Francia / Storia

​​Destruction of the bridges over the Rivers Dives and Divette​



Indicazioni stradali

​​During the night of 5 to 6 June 1944, British paratroopers of the 3rd Brigade were ordered to destroy four bridges on the River Dives, and a fifth one on the Divette. The aim was to prevent German forces from occupying the right bank of the River Orne, and to protect the attack on the Merville battery.​

​​The Engineers of the 8th Parachutist Battalion led by Lieutenant-Colonel Alastair Pearson were tasked with the destruction of the two metal bridges in Bures: a railway bridge and a road bridge.

Following a catastrophic parachute drop at 12:50pm, west of Touffréville’s Drop Zone K, Pearson was only able to gather 120 men from the more than 550 of his battalion that were scattered around. Among them were no sappers or machine gunners, and many containers of explosives were lost.

Nevertheless, at around 3:45am Pearson set off. However, he was overtaken by Captain Juckes' Royal Engineers, who had parachuted to the north of Bavent Wood and were already on spot with their equipment. Tired of waiting for the 8th Battalion, at around 7:15am the Royal Engineers blew up the two bridges, and then retreated.

Shortly before this, at about 6:30am, Company B of the 1st Canadian Battalion, reinforced by sappers of the Royal Engineers, had blown up the Robehomme Bridge.

At approximately 9:00am, in Varaville, the Canadians of the C Company of the 1st Canadian Battalion destroyed the bridge over the Divette and then withdrew to the Mesnil.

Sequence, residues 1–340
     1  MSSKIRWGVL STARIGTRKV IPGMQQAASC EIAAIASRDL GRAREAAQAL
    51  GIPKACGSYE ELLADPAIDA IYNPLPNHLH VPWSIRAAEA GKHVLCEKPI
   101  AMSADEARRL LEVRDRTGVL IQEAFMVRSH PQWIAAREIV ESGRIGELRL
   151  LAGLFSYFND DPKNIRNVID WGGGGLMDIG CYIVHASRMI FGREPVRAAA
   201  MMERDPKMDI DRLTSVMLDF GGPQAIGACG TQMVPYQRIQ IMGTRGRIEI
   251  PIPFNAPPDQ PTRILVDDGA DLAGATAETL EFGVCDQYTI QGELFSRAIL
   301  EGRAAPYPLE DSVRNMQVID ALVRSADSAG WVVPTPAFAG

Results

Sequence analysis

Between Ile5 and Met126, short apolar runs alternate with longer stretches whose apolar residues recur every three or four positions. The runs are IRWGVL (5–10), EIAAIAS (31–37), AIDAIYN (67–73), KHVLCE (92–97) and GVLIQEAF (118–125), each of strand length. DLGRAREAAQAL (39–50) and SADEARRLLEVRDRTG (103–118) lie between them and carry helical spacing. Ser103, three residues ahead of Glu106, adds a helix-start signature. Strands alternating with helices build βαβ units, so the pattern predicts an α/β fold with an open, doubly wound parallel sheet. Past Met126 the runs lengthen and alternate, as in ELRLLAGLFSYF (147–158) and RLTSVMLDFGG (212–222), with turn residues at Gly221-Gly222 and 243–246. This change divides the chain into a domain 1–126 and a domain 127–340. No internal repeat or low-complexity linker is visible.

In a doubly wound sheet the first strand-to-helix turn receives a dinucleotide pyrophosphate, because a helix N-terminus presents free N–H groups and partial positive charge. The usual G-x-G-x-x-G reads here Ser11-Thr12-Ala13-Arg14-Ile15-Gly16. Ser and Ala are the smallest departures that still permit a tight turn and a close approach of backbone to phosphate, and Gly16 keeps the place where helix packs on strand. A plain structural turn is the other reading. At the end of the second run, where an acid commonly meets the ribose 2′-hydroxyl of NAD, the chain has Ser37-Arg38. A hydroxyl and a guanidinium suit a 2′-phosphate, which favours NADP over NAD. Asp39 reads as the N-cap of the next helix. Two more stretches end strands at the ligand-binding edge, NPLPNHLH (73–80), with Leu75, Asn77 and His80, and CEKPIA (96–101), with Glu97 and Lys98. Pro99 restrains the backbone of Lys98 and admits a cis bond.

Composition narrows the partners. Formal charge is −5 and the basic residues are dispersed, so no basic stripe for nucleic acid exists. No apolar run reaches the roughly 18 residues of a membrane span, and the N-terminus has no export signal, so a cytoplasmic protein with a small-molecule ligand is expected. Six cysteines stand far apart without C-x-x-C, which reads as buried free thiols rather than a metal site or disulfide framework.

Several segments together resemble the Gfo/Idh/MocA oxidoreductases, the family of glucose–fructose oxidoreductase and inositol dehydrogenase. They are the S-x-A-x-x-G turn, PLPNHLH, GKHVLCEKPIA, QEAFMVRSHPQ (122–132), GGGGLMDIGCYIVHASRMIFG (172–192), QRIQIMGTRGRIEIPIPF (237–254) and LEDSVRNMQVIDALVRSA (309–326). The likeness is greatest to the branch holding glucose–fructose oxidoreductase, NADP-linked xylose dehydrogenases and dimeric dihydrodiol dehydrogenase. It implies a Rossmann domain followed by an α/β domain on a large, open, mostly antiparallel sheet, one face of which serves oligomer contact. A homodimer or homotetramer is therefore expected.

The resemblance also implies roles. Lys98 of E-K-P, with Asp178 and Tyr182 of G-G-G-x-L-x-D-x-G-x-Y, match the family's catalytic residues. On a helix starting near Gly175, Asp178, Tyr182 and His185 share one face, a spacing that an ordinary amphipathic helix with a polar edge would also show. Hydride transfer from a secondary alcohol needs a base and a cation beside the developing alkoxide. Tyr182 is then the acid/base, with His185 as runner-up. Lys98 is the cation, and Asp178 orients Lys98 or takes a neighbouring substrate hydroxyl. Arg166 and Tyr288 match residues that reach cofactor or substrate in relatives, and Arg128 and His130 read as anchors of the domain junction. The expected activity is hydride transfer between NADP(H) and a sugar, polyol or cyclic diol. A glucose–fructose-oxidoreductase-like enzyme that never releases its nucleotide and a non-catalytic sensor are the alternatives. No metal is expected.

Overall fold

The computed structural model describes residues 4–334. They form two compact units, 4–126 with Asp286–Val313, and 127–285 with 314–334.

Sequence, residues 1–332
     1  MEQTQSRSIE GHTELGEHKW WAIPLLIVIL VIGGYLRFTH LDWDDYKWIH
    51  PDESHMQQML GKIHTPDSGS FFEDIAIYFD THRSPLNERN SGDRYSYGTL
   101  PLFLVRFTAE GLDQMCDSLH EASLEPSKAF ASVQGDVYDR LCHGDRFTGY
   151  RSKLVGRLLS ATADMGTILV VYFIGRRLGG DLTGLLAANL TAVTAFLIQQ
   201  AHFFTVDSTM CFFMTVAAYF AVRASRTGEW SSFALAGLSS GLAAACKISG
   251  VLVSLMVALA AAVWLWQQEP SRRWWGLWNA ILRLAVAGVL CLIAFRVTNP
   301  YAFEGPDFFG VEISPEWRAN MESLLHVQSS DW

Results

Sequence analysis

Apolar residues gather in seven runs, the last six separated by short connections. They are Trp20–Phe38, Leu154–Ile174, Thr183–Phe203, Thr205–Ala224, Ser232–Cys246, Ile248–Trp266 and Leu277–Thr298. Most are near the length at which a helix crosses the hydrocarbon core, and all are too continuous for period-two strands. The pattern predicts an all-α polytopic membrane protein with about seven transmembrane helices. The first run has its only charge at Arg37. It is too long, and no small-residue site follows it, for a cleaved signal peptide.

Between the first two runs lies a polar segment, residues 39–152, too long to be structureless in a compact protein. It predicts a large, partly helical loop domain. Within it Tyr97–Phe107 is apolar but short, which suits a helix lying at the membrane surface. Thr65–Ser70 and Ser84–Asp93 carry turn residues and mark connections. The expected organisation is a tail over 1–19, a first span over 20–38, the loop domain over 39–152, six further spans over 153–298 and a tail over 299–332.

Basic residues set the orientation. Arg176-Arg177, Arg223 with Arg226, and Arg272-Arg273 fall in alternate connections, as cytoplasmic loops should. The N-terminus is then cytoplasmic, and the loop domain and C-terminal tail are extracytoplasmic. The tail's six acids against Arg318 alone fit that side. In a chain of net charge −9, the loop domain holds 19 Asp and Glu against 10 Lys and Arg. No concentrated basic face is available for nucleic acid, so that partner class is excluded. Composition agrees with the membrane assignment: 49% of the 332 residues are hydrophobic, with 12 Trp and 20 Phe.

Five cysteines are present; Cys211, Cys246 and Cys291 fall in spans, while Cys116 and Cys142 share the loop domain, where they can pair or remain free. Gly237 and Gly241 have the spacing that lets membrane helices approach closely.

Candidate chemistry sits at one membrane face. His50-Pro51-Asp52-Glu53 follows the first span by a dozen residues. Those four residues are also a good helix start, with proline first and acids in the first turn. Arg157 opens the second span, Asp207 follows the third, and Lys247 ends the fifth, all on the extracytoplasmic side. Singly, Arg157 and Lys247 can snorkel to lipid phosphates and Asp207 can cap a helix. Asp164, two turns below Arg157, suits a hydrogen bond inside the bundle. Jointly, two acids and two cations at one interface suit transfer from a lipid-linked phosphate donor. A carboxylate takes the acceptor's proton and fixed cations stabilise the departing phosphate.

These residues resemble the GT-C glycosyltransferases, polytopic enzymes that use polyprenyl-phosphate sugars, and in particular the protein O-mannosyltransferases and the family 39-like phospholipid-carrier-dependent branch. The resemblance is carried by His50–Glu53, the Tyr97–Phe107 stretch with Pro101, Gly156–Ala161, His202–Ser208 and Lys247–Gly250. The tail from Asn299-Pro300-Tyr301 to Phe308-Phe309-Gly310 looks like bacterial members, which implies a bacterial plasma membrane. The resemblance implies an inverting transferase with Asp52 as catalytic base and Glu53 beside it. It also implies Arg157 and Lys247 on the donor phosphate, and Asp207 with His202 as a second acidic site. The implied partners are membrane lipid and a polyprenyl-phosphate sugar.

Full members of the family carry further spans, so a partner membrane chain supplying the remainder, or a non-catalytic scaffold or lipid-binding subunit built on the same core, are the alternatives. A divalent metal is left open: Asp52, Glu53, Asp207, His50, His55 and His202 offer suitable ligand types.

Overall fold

Finally, thanks to a burst of brilliance by Major Roseveare of the 3rd Parachute Squadron of the Royal Engineers, Troarn bridge, the largest of all between Troarn and Saint-Samson, was destroyed. Driving a medical jeep and towing a trailer full of explosives, to which eight of his men clung, Roseveare hurtled down the main street before reaching the bridge, located at exit of the village. The explosion of the charges and trailer placed on the bridge opened a 5m breach. At midday, Juckes’ Royal Engineers arrived on the spot and completed the bridge’s destruction by around 14:00. They detonated new charges, which quite literally cut the large Troarn Bridge in half over its entire width.

After their successful mission, the Engineers of the 8th Parachutist Battalion retreated into the woods in Troarn and Bures, to take part in the battles of Normandy.

Calvados, France